In criminal cases, the burden is entirely on the prosecution to prove the guilt of the defendant. This burden does not shift if the respondent must secure conviction. This is because, there is the presumption of innocence in favour of the defendant as he has no obligation in law to prove his innocence. The duty is squarely on the shoulder of the respondent to prove all the ingredients of the offence to secure conviction. In Ankpegher V. State (2018) LPELR 43906 (sc), the apex court per Kekere – Ekun, JSC at Pages 24 – 25 held:
“There is no doubt that in criminal proceedings the onus of proof lies on the prosecution throughout the trial and does not shift. There is no burden on the accused person to prove his innocence. It is also trite that the standard of proof in criminal proceedings is proof beyond reasonable doubt but not proof beyond the shadow of a doubt, see Section 135 of the Evidence Act, 2011; Ikpo V. the State (2016) 2–3 sc (Pt 111) 88; Oseni V. The State (2012) 5 NWLR (Pt 1293) 351 @ 388 F-G; Woolmington V. DPP (1935) AC 462.”
It is worthy of note that while the burden to prove the guilt of the defendant does not shift, there are instances in a criminal trial when the burden to prove shifts. This is when the defendant makes assertion over a fact in a criminal matter. The burden is on him to prove that fact. This is because the law is trite and it is that, whoever alleges a fact is under obligation in law to prove the fact he alleges. In Omorede Darlington V. FRN ELC (2018) 2415 Page 1, the apex court held:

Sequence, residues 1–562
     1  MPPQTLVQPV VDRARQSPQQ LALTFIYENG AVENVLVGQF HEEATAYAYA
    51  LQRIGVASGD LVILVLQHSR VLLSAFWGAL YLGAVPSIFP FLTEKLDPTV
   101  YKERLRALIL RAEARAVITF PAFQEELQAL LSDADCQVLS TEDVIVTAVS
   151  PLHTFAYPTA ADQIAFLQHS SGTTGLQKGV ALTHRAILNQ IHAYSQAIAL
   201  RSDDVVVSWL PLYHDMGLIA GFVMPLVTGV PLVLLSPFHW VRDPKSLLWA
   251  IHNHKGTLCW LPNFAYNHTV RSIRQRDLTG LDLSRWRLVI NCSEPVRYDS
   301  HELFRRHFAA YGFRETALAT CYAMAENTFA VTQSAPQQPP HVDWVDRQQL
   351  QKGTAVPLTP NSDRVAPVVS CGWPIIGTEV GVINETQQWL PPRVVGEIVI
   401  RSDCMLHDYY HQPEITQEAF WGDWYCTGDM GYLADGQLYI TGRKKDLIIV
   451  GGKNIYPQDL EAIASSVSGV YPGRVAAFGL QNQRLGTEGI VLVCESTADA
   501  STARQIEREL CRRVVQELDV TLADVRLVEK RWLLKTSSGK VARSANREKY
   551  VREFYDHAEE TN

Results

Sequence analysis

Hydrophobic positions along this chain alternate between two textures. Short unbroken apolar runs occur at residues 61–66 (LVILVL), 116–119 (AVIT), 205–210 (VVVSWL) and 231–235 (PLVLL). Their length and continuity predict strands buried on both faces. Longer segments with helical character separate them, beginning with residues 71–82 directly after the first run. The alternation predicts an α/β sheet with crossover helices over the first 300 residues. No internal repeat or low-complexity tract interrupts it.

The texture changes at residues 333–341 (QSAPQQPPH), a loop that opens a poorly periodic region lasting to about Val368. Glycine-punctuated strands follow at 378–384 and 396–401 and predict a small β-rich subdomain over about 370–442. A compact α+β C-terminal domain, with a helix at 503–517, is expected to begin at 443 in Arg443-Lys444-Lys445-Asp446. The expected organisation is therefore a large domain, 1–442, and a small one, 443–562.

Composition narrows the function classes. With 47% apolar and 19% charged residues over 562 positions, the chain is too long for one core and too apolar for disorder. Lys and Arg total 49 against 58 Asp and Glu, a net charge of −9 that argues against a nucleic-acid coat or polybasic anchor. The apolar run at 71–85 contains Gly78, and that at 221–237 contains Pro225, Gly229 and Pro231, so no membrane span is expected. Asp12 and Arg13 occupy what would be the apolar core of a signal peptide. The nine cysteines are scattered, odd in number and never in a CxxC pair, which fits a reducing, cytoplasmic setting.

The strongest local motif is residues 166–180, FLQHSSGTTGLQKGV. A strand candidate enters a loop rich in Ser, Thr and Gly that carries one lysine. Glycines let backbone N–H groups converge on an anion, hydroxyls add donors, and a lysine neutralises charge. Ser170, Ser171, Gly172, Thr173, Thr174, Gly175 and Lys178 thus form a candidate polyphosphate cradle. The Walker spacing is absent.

“There is no doubt and it is trite as well, that the appellant has the burden of establishing his assertions. He has a duty of establishing his assertion. He has a duty to establish the assertions made in the complaints either in his grounds of appeal or the issues formulated from the grounds of appeal for the determination of his appeal. Section 131(1) of the evidence Act 2011 is quite categorical on this; whoever desires any court to give judgement as to any legal right or liability dependent on the existent of facts which he asserts must prove that these facts exist.” PER E. TOBI JCA.
In civil cases, the rule is that the burden of proof rests on the party (whether plaintiff or defendant), who substantially asserts the affirmative of the issue when it is said that the onus of proof shifts from plaintiff to defendant and vice versa from time to time as the case progresses, it means no more than the burden of proof may shift depending on how the scale of evidence preponderates. However, subject to the scale of evidence preponderating, the burden of proof rests squarely on the party, who would fail if no evidence at all. From the Supreme Court Judgement of Iroagbara V. Ufomadu (2019) LPELR 1538 (sc) Per Aderemi JSC (pp 13-14, Para E-B), it is clear that the legal burden of proof generally in civil cases is on the plaintiff, who is expected to discharge same on the balance of probabilities, when it is the defendant that affirmatively asserts the existence of a fact, the burden of proving that fact will equally lie on him.
By: Nkechi Bright-Ewere